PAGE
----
Kevin Patrick Mallory: 5 Fast Facts You Need to Know


Kevin Mallory (Twitter)

A 60-year-old consultant from Virginia is being accused of providing Top Secret documents to Chinese intelligence officials.

Kevin Patrick Mallory was formally charged in federal court with “making materially false statements to the FBI” and “gathering or delivering defense information to aid a foreign government.”

According to the criminal complaint, from April until May 2017, Mallory made false statements to law enforcement officers about transmitting the Top Secret documents to an agent of the People’s Republic of China.

Here’s what you need to know:

1. Mallory is a self-employed consultant with GlobalEx, LLC. and resides in LOeesburg, Virginia. According to the criminal complaint, he graduated from Brigham Young University in 1981 with a bachelor’s degree in political science.

Shortly thereafter, Mallory worked full-time in a military position for five years. Once he left that job, he continued his military service as an Army reservist and worked as a special agent for the State Department Diplomatic Security Service for three years (1987-1990).

After that job, he worked in positions for numerous government agencies, including defense contractors and was deployed for the U.S. Army on multiple locations. He was stationed in many locations across the globe, including Iraq, China, Taiwan and the Washington D.C. area. He spoke fluent Mandarin Chinese. Throughout those years, he held a Top Secret security clearance, but that was terminated in October 2012 when he left government service.

2. In March and April of this year while on a visit to Shanghai, Mallory met a Chinese agent who told him he was an employee for Shanghai Academy of Social Sciences, a think tank. SASS was founded in 1958 and was administered by the municipal government of Shanghai, its website says. It receives most of its funding from the government.

The FBI has described the think tank as the “leading” one in the area and specializes in humanities and social sciences to include economics history, international relations and more. The agency also said that the think tank has intelligence officers that use the affiliation with SASS to cover their identities while they try to obtain information on policies that may affect China.

The criminal complaint says that on April 21 Mallory returned to the U.S. from a week-long trip from Shanghai. At Chicago’s O’Hare Airport, he was stopped by U.S. customs and Border Protection and interviewed as to the purpose of his trip, which he said was a business trip as well as a father/son vacation. He said that he met with someone he knew through his church in an effort to consult the person on anti-bullying and family safety development.

Mallory checked “no” on the question asking if he was carrying over $10,000 in currency, however it was determined that he had $16,500 in USD in two carry-on bags.

3. On May 24, Mallory voluntarily submitted to be interviewed by the FBI in Ashburn, Virginia and told the agents that he was contacted on social media by a “Chinese recruiter” in February. When he initially arrived to the meeting, however, he thought he was going to meet with a government employee to discuss information he had gathered from his trip to Shanghai. When he arrived, he was greeted by the FBI agents.

Mallory allegedly told the agents how he had phone interviews with the recruiter and was introduced to the man he said he traveled to Shanghai to see on his April “business trip.”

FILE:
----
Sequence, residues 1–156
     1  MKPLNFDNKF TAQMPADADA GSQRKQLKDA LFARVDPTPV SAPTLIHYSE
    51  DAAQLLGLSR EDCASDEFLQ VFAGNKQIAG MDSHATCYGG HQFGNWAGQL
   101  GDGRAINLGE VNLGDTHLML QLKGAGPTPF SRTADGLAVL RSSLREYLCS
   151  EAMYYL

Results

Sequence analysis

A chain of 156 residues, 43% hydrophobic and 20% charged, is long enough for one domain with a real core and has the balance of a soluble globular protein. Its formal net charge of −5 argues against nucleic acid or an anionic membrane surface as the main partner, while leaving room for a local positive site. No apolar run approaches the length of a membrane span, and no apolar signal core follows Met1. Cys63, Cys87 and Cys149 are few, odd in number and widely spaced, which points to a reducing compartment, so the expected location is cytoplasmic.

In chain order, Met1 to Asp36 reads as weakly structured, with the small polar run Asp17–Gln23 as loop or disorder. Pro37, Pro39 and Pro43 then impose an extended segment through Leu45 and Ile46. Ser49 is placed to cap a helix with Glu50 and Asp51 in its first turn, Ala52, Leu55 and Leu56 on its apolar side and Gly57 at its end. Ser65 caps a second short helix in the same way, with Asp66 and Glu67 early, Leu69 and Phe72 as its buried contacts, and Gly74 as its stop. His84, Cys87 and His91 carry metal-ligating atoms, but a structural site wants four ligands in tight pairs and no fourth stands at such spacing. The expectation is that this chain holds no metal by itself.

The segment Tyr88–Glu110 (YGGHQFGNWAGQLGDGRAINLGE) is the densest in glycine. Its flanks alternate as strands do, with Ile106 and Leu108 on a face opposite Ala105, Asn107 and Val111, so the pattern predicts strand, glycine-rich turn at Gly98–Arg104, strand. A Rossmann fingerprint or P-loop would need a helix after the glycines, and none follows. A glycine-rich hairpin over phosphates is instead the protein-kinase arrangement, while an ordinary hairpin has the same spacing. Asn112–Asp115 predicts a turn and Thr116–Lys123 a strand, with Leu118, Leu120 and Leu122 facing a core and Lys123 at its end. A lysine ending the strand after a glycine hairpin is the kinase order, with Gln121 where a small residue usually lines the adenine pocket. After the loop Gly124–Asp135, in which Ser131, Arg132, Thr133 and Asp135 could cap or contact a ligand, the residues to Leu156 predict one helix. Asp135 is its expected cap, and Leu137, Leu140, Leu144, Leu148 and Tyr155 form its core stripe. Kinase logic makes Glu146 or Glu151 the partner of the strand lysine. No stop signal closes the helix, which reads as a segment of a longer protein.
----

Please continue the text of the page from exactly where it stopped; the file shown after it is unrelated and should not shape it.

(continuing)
Mallory also told federal agents that he contacted a government agency for assistance, saying that he wanted to talk about people he recently met in China. Once the meeting was granted on May 12, he spoke about how he thought the people that he met in Shanghai were actually Chinese intelligence agents.

Also at the May 24 interview with federal agents, Mallory agreed to let them search a “device” he received from the Chinese agent he visited in Shanghai. That device, Mallory said, was supposed to be used to use it for private communications with the Chinese agent.

4. In the FBI interview, Mallory told how that he was instructed by the agents to “pursue employment with the U.S. government.” He was already in the process of doing so before meeting the Chinese officials and told the agents that he thought that the foreign agents wanted him to “obtain a position of access in the U.S. government.”

In addition to the requests, he was also tasked to write papers about U.S. policy and did so using unclassified information. He told agents that beyond the two papers he gave them, he didn’t provide anything else. He allegedly received two cash payments from the Chinese agents — one in March for $10,000 and another in April for $15,000.

Mallory was supposed to travel back to Shanghai in June and said that he expected to receive the same payment.

5. At that time, Mallory displayed the secure device he was given from the Chinese agents and a message he sent said: “I can also come in the middle of June, I can bring the remainder of the documents I have at that time. He claimed to the FBI that he was speaking of the two unclassified documents and was “stringing” the Chinese agents along, implying he didn’t actually have anything else to give to them.

But other text messages that were recovered by federal agents found Mallory mentioning supplying other documents for payment.

“I am taking the real risk as you (Chinese agents) and higher-up bosses know,” Mallory allegedly wrote. “When you get the OK to replace the prior payment, then I will send more docs. I will also type my notes. NOTE: In the future, I will destroy all electronic records after you confirm receipt…I already destroyed the paper records. I cannot keep these around, too dangerous.”

Further analysis of the device showed eight handwritten documents, and three of them contained classified information, with one of the three containing Top Secret information.